Reasons to speak to a mortgage lender as soon as possible

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Most people begin their home buying journey once they have saved enough money for a down payment. The rest of the process usually involves talking to a lender, getting pre-approved for a home loan, working with a real estate agent to find a place that’s right for you, making an offer, doing inspections, and possibly to close the property.

According to Nicole Rueth, senior vice president of the Fairway Independent Mortgage Corporation, potential buyers should start talking to lenders long before they’re ready to buy a home instead of waiting until they have enough money to put down a down payment. .

“The moment you’re thinking about buying a home is when you should be talking to a lender,” says Rueth. “You don’t have to be buying a house already to do that. You can be two years away from buying a house and still start this conversation.”

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By having this conversation early on – even if you’re still a few years away from buying a home – you’ll be able to get your lender’s advice on what you need to do over the next few years to afford the kind of house you want to buy.

“Perhaps you find that you will need a better paying job to pay for the house, or perhaps you are told that you need to strive to pay more of your debts or fight a negative business line on your credit report,” Rueth explains. “This will be the homework you need to work on after meeting with a lender.”

Working with a lender up front can also provide a clearer picture of what else you’ll need to budget for – after all, a down payment is just one of many upfront costs you’ll need to be prepared to pay when you’re on the move. re finally ready to buy a house. For example, you’ll need to consider lender fees – fees associated with processing, approving and funding your loan, which can be 1-2% of your loan amount – as well as additional fees for appraisal, inspection and title. Insurance.

How to find a mortgage lender

Rueth recommends starting with people and institutions you trust when trying to find a lender.

“I would check with people you trust. Don’t just ask your friends who they got their mortgage from, ask your financially savvy friends who they went with,” Rueth says. “You want to take advice from the right people.”

Your favorite local bank is another good place to start a conversation with the owner. Rueth suggests working with a lender who already provides resources to educate and inform potential borrowers about the home buying process, which shows they believe in spending time educating others.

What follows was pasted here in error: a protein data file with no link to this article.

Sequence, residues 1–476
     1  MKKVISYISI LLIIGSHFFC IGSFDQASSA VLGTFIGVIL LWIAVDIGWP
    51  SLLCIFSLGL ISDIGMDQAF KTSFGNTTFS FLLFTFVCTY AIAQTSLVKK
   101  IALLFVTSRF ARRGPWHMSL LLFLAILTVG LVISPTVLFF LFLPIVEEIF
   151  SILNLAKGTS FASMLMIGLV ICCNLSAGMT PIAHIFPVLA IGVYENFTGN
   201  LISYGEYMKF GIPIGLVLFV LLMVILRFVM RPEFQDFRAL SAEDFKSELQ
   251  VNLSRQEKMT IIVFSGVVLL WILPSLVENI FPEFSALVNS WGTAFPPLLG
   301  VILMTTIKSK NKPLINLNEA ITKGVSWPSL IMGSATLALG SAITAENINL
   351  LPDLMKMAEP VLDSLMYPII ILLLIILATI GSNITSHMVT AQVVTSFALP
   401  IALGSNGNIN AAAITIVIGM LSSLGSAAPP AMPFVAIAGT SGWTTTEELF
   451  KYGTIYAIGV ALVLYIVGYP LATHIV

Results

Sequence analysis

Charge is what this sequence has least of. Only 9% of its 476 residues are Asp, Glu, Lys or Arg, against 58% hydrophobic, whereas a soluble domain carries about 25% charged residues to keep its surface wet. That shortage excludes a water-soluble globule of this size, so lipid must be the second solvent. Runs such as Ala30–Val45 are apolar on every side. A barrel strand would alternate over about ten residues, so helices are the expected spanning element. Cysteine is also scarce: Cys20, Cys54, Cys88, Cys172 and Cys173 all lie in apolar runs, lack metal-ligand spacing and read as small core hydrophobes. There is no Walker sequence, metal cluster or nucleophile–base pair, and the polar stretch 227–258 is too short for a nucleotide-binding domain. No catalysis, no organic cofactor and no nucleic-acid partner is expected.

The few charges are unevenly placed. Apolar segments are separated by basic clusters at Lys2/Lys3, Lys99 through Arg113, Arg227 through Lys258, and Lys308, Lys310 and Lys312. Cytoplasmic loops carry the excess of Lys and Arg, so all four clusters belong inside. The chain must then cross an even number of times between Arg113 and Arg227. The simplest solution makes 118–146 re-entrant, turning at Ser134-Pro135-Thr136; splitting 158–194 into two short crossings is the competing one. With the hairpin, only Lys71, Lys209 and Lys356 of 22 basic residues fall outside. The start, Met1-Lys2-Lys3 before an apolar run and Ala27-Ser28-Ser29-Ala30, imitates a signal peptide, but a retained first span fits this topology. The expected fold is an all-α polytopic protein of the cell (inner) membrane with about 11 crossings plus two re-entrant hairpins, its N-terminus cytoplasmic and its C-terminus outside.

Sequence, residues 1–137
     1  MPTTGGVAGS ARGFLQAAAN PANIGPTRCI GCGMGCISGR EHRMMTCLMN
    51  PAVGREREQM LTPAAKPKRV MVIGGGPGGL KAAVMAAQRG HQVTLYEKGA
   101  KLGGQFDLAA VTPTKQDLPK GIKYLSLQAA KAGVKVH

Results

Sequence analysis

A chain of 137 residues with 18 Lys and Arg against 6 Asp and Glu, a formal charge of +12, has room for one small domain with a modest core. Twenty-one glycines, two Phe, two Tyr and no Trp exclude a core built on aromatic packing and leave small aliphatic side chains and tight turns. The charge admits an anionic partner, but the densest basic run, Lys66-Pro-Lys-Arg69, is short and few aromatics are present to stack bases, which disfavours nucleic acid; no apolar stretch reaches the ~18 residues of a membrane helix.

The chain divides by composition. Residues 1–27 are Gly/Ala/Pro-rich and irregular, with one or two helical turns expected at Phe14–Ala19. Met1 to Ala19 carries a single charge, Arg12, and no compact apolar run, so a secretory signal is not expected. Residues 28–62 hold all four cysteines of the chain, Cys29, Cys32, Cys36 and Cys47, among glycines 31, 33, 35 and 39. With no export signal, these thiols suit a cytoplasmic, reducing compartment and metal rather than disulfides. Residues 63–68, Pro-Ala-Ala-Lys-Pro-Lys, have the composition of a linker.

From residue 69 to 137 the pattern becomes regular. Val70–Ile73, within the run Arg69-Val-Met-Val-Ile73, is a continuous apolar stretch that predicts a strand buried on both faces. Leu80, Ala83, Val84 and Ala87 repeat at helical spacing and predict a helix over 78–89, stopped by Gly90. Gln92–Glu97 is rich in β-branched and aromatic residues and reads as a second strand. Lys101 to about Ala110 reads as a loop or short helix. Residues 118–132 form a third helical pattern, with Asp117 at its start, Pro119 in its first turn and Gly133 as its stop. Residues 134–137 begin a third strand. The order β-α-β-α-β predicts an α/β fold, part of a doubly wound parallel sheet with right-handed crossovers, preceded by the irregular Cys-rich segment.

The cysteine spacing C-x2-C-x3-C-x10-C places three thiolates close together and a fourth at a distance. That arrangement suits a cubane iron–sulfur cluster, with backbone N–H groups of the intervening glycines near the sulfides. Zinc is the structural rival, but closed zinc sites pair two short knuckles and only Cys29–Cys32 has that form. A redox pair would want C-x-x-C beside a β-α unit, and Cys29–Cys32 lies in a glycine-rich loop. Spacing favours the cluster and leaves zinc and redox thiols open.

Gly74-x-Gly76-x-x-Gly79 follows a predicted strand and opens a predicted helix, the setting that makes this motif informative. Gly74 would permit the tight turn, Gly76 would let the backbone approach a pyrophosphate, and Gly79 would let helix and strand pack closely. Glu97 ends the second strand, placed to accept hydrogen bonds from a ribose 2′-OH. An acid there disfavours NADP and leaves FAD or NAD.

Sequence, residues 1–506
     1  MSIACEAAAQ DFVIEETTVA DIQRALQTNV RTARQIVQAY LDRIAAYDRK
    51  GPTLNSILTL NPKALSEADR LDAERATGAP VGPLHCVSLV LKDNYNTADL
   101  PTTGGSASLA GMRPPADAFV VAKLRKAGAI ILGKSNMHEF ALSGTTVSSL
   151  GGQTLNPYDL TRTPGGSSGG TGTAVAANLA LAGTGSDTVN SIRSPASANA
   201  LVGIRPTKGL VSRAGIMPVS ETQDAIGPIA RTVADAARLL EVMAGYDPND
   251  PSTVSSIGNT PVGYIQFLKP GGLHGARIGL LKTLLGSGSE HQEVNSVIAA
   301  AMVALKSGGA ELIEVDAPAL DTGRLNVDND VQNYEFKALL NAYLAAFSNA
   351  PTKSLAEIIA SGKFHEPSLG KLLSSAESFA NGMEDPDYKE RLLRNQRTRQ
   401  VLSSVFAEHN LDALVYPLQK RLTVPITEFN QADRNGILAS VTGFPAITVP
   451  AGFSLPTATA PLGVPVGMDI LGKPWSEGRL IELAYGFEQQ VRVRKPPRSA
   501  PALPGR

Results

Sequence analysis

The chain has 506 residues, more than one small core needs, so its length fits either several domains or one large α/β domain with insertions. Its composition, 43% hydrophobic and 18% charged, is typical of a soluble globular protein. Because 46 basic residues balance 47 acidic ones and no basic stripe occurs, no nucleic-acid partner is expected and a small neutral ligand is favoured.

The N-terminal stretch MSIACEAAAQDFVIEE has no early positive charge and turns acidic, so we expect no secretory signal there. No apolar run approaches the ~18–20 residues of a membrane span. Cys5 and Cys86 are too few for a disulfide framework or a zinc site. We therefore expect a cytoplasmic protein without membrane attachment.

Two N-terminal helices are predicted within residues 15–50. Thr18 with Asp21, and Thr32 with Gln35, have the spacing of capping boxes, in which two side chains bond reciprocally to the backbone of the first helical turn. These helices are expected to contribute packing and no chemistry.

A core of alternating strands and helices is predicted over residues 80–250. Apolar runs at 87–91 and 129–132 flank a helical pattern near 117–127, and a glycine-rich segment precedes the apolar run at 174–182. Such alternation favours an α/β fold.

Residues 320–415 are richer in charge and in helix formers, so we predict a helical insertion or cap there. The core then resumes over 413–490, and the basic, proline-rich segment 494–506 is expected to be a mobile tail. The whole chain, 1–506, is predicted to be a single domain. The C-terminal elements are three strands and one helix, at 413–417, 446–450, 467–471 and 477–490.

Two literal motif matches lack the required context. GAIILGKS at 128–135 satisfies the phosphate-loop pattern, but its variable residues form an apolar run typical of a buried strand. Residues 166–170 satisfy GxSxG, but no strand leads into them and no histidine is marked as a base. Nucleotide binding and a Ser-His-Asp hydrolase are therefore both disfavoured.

A quick search on a mortgage lender’s website can help you find out what types of educational resources are available. Chase Bank has a great podcast series called “Beginner to Buyer” which aims to help customers get to grips with the home buying process, while PNC Bank has an online first-time buyer’s guide, which includes the access to an online affordability calculator.

You can also research on your own using websites that cover mortgage lenders. Select has gathered and ranked the best mortgage providers for a number of situations, including the best mortgages for those who want to put down a small down payment on the best mortgages for those with low credit.

“A good lender will spend time with you even if you’re not ready to buy a house today,” says Rueth. “Today’s conversation will better position you to achieve that homeownership goal.”

hunting bank

  • Annual Percentage Rate (APR)

    Apply online for personalized rates; fixed and adjustable rate mortgages included

  • Types of loans

    Conventional Loans, FHA Loans, VA Loans, DreaMaker℠ Loans, and Jumbo Loans

  • Terms

  • Credit needed

  • Minimum deposit

    3% if you continue with a DreaMaker℠ loan

NCP Bank

  • Annual Percentage Rate (APR)

    Apply online for personalized rates; fixed and adjustable rate mortgages included

  • Types of loans

    Conventional Loans, FHA Loans, VA Loans, USDA Loans, Jumbo Loans, HELOCs, Community Loan, and Medical Professional Loan

  • Terms

  • Credit needed

  • Minimum deposit

    0% if you continue with a USDA loan

At the end of the line

Even if you’re a few years away from being ready to buy a home, it can still be beneficial to sit down with a lender and discuss it. The conversation can help you figure out what the next 12-24 months should look like in terms of financial readiness to buy a home.

“Anyone who doesn’t think they can afford a home right now needs to find their way to homeownership,” Rueth says. “It’s never a ‘no’, but it can just be a ‘no for now’.” In other words, early conversations with a lender can help you bridge the gap between “not yet” and owning a home.

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Editorial note: Any opinions, analyses, criticisms or recommendations expressed in this article are those of Select’s editorial staff only and have not been reviewed, endorsed or otherwise endorsed by any third party.

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